Saturday, October 13, 2018

Wormley Rovers FC

Wormley Rovers 2 White Ensign 3 - Eastern Counties League, Division One (South)

Wormley is a village in Hertfordshire. It is within the Borough of Broxbourne. The village is part of the census ward of Wormley and Turnford. The name is thought to derive from the Old English "snake-infested leah"; the last element could mean "clearing", or perhaps "woodland pasture". Wormley was one of the manors which were granted by Harold Godwinson to the canons of Waltham Holy Cross. It was entered in the Domesday Book of 1085 as Wermelai, with a total of 28 households. Wormley remained under the control of the monastery until its dissolution in 1540 when it was granted to Sir Edward North. The manor house, called Wormleybury, on the south side of Church Lane, was totally rebuilt in 1734 and remodelled in 1767 and 1782 by Robert Mylne for Sir Abraham Hume. It has a stone portico and steps, with an octagonal bell turret. There is interior decoration of 1779 by Robert Adam. It is a Grade I Listed building. There are two Coal-tax posts in Wormley and both are in unusual locations. One is in the middle of Wormley Wood and the other on the north side of a country lane at a point where it is hard to imagine any significant trade traffic passing by. They were erected following the London Coal and Wine Duties Continuance Act 1861, and thanks to them, many of the bridges across the River Thames were paid for.



Wormley FC was originally formed in 1921 playing home matches on land donated by Joseph Rochford & Sons, at that time a big name in horticulture as well as being an employer of a large percentage of the local population. The Club was reformed in 1947 after the 2nd World War, moving to its present ground at Wormley Sports Club, in Church Lane in 1954. During the late 1940’s, 50’s and early 60’s the Club was a major force in Junior Football, frequently embarrassing more senior opposition during that period. The late 1960’s, and early 70’s saw a decline in fortune, however, this was redressed and by 1975 the Club had progressed to join the Herts Senior County League. Since stepping up to the Herts Senior County League, the Club formed a successful Youth Section in 1975, with a number of players going on to play in professional ranks. David Bentley, who played for Blackburn Rovers and Tottenham Hotspur, began his football career with Wormley Youth before being discovered by Arsenal. In line with League requirements, a fixed post and rail was installed in 1990, floodlights were added in 1994, and the brick built dugouts in 1996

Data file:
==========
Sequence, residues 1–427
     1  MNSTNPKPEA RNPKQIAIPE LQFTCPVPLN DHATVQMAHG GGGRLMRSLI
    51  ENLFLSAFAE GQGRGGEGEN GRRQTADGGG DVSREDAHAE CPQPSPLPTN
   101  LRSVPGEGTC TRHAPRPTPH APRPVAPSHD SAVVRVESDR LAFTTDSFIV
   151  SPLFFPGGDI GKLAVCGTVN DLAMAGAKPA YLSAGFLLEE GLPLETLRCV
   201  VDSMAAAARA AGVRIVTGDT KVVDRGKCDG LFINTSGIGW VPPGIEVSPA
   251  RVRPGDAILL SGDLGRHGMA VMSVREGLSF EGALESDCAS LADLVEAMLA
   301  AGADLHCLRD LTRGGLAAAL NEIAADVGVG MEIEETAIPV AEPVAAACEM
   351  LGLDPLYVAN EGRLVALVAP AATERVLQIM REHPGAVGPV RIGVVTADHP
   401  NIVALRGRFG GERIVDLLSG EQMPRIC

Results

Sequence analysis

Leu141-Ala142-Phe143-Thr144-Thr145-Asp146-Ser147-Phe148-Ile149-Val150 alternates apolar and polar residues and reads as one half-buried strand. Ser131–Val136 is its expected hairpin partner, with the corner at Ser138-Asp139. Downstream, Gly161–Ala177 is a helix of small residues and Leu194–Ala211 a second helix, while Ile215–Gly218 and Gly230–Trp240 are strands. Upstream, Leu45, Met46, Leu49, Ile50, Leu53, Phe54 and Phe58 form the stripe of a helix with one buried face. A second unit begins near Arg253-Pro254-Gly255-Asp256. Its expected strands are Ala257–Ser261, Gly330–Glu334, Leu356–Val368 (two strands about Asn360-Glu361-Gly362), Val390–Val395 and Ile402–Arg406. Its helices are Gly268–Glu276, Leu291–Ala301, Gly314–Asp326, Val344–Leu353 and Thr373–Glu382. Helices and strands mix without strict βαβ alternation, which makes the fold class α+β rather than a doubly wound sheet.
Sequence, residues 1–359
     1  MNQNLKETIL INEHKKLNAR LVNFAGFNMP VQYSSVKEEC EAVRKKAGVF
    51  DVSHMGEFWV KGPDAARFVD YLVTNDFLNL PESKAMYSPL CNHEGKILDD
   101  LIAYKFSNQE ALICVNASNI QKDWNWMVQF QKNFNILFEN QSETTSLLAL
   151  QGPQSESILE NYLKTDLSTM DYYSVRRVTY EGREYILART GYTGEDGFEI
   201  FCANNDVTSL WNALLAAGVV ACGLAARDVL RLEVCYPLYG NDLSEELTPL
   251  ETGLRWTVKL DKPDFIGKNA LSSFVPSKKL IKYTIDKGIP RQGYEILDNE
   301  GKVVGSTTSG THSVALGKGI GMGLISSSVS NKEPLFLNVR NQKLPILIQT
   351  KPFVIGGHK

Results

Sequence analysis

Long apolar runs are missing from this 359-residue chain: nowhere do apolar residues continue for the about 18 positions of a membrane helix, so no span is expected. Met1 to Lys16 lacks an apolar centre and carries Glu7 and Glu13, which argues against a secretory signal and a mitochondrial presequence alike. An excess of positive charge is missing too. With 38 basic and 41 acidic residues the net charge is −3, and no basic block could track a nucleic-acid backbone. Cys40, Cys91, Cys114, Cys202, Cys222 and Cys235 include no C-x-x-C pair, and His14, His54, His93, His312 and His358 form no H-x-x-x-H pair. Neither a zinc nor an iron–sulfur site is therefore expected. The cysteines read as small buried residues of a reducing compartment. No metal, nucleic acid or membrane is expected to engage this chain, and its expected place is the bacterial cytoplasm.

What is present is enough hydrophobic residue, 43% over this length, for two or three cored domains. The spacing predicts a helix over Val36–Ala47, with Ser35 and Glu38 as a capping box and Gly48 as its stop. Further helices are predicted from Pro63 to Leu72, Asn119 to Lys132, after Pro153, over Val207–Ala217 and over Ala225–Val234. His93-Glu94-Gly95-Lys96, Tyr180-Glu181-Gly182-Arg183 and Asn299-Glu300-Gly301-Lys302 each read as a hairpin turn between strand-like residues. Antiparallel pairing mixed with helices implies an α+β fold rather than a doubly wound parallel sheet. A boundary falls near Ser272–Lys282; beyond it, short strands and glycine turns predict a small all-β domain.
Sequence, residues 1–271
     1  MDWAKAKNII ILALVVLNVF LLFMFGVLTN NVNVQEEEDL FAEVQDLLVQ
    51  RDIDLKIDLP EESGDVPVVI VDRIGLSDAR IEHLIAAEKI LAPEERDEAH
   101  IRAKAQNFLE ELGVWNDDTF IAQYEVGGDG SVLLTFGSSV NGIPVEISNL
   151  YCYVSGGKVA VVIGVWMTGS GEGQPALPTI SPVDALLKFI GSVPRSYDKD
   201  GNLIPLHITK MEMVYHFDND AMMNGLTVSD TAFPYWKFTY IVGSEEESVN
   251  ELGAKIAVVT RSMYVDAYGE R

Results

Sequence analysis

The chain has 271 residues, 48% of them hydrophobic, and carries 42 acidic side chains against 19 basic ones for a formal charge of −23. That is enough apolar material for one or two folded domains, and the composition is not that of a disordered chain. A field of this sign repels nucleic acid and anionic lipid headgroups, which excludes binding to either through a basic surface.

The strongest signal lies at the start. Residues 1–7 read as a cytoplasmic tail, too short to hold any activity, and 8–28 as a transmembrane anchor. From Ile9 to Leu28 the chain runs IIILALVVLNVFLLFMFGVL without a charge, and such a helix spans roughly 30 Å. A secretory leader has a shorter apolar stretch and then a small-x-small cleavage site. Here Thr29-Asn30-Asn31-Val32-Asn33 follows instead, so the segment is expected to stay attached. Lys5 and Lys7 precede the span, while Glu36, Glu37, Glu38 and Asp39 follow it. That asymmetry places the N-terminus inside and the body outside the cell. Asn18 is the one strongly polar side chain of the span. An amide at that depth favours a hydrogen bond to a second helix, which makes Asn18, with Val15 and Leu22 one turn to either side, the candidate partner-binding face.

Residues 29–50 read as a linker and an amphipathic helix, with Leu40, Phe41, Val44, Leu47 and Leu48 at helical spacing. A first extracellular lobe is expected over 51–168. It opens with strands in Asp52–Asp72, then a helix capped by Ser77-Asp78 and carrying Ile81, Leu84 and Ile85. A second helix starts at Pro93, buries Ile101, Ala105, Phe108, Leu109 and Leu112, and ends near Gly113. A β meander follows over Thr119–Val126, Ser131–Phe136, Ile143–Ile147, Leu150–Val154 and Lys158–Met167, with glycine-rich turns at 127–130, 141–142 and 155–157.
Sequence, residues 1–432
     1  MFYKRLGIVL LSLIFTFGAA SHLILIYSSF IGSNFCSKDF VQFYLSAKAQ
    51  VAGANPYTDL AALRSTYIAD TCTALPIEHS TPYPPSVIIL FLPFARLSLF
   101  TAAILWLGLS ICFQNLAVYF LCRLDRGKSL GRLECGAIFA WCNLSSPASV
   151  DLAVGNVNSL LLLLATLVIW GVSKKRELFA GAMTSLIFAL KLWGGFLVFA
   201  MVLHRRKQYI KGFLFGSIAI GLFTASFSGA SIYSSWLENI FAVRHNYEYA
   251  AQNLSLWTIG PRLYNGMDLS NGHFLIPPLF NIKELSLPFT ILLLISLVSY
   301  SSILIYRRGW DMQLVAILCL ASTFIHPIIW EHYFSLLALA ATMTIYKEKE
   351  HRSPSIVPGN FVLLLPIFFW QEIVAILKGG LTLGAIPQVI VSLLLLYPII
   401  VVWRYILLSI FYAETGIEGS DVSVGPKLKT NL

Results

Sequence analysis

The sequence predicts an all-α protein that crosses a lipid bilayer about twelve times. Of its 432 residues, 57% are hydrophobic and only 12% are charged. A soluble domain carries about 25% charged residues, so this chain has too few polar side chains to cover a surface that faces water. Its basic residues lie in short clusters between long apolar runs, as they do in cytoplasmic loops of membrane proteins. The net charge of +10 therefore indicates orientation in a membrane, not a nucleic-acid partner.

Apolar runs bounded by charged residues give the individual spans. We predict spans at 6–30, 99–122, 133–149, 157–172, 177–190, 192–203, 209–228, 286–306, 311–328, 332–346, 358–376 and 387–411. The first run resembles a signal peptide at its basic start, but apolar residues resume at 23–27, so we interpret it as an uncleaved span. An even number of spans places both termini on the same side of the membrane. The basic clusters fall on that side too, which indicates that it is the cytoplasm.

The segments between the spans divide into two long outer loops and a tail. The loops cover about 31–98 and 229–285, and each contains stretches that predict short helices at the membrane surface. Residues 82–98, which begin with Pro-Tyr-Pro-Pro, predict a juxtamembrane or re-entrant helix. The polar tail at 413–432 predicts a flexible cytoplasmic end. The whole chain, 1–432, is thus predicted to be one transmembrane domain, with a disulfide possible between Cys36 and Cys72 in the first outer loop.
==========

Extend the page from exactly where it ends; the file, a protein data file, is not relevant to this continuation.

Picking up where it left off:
Wormley Rovers FC is probably the closest senior football club to where this Pieman resides. I would estimate that it would take around a twenty-minute brisk walk door to door. However, on this occasion I was given a lift, which facilitated a visit to The Woodman public house at Wormley West end. The pub is now The Woodman and Olive and doubles as a Greek restaurant (looks very nice). There was no real ale available but I can recommend the cappuccino.



On arrival at Wormley Sports Ground, I was immediately surprised at how big the complex is. There are a number of outside pitches and a nine-hole golf course. The main area is shared between the enclosed football pitch and cricket. On this particular day, work was taking place to get the cricket pitch ready for next summer.



The impressive main clubhouse building contains a function room with licensed bar and also a separate café area. The changing facilities are located in a separate building towards the cricket pitch. Both structures appear to be relatively new builds, reflecting the progress the club has made over the years. The pitch is fully railed off with concrete hardstanding around the parts that do not overlap the cricket field. The only covered accommodation for spectators is a small terraced area on the same side of the pitch as the dugouts.



This match saw White Ensign (I saw their first home match at this level earlier this season), who had started very well against a home side looking to climb the table following their first win in the previous match. Playing with the wind in the first period, Wormley, despite having to make a couple of early substitutions, took the match to the visitors and were well worth their two goal lead. In truth it should have been a greater lead and credit to the White Ensign keeper for preventing that. A goal just before the break reduces the arrears and this will have given White Ensign confidence.



Two further strikes in the second period completed the turnaround and although they did not play particularly well, this proved enough for White Ensign to take the points. A result that was tough on the home side considering their efforts. It was good to catch up with Burnley fan Mike Benyon at this match. He and I were both disappointed in the lack of substance to the match programme, which is only available on line. I appreciate that clubs are no longer obliged to produce hard copy, but this effort did not detail the officials, contain league tables or offer much at all, save listing the respective squads. That said, I really enjoyed spending a couple of hours in the sunshine at this lovely venue. After the match I participated in a quiz just down the road in Wormley and although it is not all about winning, my daughter’s team managed to do so, having played our joker in the Harry Potter round!





Attendance: ?
Admission: £5:00
Programme: on-line version (limited content)
Tea: 90p

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